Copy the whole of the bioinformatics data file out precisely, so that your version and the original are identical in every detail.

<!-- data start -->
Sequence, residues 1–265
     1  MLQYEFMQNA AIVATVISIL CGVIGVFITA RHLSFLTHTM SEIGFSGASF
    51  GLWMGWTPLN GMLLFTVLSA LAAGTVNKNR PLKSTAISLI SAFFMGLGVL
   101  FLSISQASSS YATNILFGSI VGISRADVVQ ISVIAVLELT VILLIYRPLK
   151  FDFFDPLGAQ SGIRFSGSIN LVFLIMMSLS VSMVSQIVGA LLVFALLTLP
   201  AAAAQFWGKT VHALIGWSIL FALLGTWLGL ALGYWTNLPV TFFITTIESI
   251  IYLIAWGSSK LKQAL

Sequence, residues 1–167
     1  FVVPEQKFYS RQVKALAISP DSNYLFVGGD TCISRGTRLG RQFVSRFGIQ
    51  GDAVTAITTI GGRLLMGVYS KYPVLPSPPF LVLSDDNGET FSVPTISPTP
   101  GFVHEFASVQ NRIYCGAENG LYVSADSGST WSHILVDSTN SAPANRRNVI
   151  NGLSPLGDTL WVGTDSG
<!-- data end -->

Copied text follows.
Sequence, residues 1–265
     1  MLQYEFMQNA AIVATVISIL CGVIGVFITA RHLSFLTHTM SEIGFSGASF
    51  GLWMGWTPLN GMLLFTVLSA LAAGTVNKNR PLKSTAISLI SAFFMGLGVL
   101  FLSISQASSS YATNILFGSI VGISRADVVQ ISVIAVLELT VILLIYRPLK
   151  FDFFDPLGAQ SGIRFSGSIN LVFLIMMSLS VSMVSQIVGA LLVFALLTLP
   201  AAAAQFWGKT VHALIGWSIL FALLGTWLGL ALGYWTNLPV TFFITTIESI
   251  IYLIAWGSSK LKQAL

Sequence, residues 1–167
     1  FVVPEQKFYS RQVKALAISP DSNYLFVGGD TCISRGTRLG RQFVSRFGIQ
    51  GDAVTAITTI GGRLLMGVYS KYPVLPSPPF LVLSDDNGET FSVPTISPTP
   101  GFVHEFASVQ NRIYCGAENG LYVSADSGST WSHILVDSTN SAPANRRNVI
   151  NGLSPLGDTL WVGTDSG